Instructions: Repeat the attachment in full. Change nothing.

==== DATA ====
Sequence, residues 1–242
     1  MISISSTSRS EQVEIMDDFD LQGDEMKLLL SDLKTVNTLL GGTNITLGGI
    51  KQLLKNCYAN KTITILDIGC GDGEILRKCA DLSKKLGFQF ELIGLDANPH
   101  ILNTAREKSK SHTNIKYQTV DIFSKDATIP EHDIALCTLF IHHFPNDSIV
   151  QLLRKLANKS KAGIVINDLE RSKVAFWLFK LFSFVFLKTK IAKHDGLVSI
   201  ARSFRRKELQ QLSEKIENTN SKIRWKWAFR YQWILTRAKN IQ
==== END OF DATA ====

Sequence, residues 1–242
     1  MISISSTSRS EQVEIMDDFD LQGDEMKLLL SDLKTVNTLL GGTNITLGGI
    51  KQLLKNCYAN KTITILDIGC GDGEILRKCA DLSKKLGFQF ELIGLDANPH
   101  ILNTAREKSK SHTNIKYQTV DIFSKDATIP EHDIALCTLF IHHFPNDSIV
   151  QLLRKLANKS KAGIVINDLE RSKVAFWLFK LFSFVFLKTK IAKHDGLVSI
   201  ARSFRRKELQ QLSEKIENTN SKIRWKWAFR YQWILTRAKN IQ